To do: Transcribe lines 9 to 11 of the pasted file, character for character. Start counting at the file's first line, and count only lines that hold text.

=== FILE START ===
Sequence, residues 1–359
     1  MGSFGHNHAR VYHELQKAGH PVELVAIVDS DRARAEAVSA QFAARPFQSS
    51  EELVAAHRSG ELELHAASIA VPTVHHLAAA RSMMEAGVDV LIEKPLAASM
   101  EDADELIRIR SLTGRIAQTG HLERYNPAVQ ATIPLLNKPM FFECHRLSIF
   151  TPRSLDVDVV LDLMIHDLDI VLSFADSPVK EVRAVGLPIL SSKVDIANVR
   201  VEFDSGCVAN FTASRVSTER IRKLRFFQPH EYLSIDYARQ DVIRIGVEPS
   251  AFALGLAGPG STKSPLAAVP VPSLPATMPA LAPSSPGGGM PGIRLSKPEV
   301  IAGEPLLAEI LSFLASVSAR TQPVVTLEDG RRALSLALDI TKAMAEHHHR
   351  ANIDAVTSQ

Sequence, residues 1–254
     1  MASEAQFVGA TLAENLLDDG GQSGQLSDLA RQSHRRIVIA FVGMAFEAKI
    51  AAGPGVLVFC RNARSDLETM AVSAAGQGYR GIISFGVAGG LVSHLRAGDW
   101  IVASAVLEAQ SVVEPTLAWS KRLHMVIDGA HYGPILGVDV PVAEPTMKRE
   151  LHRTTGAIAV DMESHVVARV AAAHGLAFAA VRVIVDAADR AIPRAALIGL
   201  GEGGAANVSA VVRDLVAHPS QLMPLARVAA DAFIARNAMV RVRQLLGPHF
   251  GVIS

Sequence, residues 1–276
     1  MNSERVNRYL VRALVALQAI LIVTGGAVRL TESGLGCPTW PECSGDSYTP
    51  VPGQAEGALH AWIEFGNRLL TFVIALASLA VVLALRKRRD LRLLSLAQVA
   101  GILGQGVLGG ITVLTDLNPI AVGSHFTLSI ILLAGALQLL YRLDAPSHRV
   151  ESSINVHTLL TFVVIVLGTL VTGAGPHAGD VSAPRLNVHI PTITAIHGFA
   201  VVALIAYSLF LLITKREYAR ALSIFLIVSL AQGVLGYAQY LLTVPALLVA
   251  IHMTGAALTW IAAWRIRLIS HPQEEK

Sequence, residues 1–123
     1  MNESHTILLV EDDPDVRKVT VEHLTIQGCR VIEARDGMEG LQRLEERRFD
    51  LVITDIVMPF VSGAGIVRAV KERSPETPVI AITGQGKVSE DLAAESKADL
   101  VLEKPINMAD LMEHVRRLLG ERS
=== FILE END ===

   351  ANIDAVTSQ

Sequence, residues 1–254
     1  MASEAQFVGA TLAENLLDDG GQSGQLSDLA RQSHRRIVIA FVGMAFEAKI